A levy is the amount determined by the Trustees to cover the general costs of running a body corporate per annum. Rates and taxes, repairs, maintenance, insurance and admin costs make up these general costs.
According to the Sectional Titles Act, Trustees are tasked with setting the levy before the end of each financial year and implement it from the first month of each year.
If levies are not collected, the sectional title scheme will not be able to survive thus the importance of this task is highlighted.
Well put simply, a non rental payment only affects the individual owner of a unit, whereas a non-levy payment can affect the entire sectional title scheme and all the units within it.
All facets of the Body Corporate complex will be compromised as the non-levy payment affects the liquidity of the the scheme, the capital appreciation of the units within it.
It will also reduce the chances of other owners buying into the scheme and potentially render the scheme from being unable to pay the insurance premium.
When dealing with non-levy payers, the courts are thus intolerant.
However, what can you do if an owner doesn’t pay his or her levies? Making use of a collection attorney who will take action in line with the Section Title Act along with the Magistrate or Supreme Court Act.
The Collection Attorney will phone the owner, and send a Letter of Demand to him or her. If there is still no success with collecting the outstanding debt then the attorney will issue a summons to the said owner.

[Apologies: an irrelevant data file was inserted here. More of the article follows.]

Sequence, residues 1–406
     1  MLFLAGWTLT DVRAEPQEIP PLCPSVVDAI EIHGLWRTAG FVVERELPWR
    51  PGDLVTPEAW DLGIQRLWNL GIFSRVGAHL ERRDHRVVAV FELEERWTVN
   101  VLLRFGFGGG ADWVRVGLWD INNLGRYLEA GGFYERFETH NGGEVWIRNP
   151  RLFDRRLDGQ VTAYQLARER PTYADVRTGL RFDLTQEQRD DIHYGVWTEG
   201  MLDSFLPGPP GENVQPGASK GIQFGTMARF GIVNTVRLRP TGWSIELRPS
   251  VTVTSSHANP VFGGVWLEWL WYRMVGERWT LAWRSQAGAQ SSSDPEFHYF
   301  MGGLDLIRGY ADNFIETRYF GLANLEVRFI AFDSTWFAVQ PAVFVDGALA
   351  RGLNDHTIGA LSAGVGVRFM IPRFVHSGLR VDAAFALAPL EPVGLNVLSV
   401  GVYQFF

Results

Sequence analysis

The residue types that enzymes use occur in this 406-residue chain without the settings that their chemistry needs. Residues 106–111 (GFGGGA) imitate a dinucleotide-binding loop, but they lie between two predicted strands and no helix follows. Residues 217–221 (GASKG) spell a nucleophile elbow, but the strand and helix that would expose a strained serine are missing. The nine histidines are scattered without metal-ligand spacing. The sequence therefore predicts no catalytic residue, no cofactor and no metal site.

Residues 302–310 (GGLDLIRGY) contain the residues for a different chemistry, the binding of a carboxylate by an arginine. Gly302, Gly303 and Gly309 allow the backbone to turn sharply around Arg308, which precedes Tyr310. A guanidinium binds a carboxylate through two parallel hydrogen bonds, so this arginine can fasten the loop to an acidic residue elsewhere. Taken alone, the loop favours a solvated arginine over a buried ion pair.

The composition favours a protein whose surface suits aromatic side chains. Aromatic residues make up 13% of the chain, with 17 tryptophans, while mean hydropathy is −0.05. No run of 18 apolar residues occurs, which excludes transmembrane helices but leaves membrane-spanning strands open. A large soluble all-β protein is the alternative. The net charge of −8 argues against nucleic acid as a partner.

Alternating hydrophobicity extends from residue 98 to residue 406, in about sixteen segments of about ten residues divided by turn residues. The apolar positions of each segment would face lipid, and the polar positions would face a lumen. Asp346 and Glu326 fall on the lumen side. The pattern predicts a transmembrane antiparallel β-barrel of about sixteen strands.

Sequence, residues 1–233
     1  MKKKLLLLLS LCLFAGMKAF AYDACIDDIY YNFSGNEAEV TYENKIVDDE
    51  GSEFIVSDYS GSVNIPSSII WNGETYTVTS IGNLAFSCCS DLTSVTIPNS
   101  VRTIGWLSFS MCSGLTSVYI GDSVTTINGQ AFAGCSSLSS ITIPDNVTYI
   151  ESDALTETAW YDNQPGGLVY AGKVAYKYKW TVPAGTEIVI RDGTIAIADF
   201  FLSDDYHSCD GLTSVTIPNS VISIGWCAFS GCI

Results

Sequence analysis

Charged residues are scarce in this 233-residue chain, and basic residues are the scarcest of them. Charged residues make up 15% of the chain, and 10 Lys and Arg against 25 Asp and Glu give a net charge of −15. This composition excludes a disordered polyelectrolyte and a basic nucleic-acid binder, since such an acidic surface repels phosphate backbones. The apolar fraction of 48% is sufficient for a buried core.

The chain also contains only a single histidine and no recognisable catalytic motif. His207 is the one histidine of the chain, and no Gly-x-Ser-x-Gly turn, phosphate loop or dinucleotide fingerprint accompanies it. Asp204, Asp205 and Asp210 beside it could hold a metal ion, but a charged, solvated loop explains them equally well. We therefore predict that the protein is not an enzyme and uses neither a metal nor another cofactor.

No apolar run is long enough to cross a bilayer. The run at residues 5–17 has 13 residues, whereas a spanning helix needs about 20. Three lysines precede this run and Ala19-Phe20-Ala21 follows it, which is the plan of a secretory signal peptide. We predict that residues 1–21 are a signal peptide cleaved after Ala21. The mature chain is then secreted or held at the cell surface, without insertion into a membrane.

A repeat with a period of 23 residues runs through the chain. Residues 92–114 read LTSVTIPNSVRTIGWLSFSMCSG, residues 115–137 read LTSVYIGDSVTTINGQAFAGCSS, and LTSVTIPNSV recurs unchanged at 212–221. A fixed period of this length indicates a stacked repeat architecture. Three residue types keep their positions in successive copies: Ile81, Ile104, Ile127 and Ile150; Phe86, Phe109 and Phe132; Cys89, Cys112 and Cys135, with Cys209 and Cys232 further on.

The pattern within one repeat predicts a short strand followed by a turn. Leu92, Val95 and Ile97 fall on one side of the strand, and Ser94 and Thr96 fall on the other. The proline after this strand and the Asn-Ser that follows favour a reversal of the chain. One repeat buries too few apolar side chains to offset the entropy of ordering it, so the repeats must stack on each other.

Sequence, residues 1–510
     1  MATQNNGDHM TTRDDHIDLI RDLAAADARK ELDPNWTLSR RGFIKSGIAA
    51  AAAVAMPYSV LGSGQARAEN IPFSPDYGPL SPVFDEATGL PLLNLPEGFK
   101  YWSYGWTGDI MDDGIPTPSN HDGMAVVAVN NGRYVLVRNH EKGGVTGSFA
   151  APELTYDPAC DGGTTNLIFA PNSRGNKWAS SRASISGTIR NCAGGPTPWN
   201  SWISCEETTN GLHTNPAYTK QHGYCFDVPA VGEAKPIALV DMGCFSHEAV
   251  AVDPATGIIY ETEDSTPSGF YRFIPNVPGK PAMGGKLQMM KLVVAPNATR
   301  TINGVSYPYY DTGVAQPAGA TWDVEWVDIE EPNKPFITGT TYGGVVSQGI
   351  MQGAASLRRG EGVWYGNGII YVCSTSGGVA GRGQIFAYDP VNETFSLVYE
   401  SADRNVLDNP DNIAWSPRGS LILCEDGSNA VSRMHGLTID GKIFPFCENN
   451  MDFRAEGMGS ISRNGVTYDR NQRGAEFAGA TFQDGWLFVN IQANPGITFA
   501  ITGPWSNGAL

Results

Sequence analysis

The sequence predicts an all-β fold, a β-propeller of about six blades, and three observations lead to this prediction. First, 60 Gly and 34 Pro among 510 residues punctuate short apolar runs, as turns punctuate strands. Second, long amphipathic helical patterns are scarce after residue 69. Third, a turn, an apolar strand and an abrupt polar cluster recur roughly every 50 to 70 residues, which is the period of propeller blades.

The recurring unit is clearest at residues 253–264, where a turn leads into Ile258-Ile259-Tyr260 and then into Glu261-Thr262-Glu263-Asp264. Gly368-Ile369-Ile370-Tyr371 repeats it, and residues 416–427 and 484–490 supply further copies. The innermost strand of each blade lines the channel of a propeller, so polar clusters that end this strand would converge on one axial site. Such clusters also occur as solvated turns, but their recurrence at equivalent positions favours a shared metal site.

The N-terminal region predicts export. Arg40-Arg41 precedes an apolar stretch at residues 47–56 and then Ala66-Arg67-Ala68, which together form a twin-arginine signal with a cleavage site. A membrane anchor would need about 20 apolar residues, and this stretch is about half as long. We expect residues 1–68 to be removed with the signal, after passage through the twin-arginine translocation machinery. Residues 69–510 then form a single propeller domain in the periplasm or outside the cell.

Should the summons not be defended after the period of 10 court days by the owner then a default judgement can be applied for on the 11th day.
The owner may not feel much pressure up until this point however once judgement is granted the owner can be blacklisted and his or her assets could be sold in order to obtain the amounts owed.
At this stage the owner may be moved to take necessary action to repay the amounts owed or an agreed to amount as the effects of the judgement will be tangible.
Depending on which court has jurisdiction for the scheme, there are different procedures which need to be followed when executing a non-levy paying owners moveable property.
If this is still not substantial enough to cover the outstanding amounts, then the immovable property can be executed.
However, Cape Town courts are reluctant to grant such orders unless a substantial amount is outstanding, whereas other courts will grant such orders in the event that all other avenues of collection have been futile.
The property could be auctioned in order to obtain any outstanding amounts as part of execution of the immovable property.
Also a garnishee order against the salary of a non-levy paying owner or attaching rental payments that the owner receives from a tenant are other ways of recovering outstanding debt.
However, the courts will be less likely to grant the order if an attempt to attach movable property hasn’t been made.
Finally, the attorney will use arbitration as a means of legally coming to a settlement agreement with the owner in order to obtain the outstanding levy amounts.
The collection attorney will one way or another obtain the debt from the non-levy payer.
Contact us for effective levy collection from non-payers.
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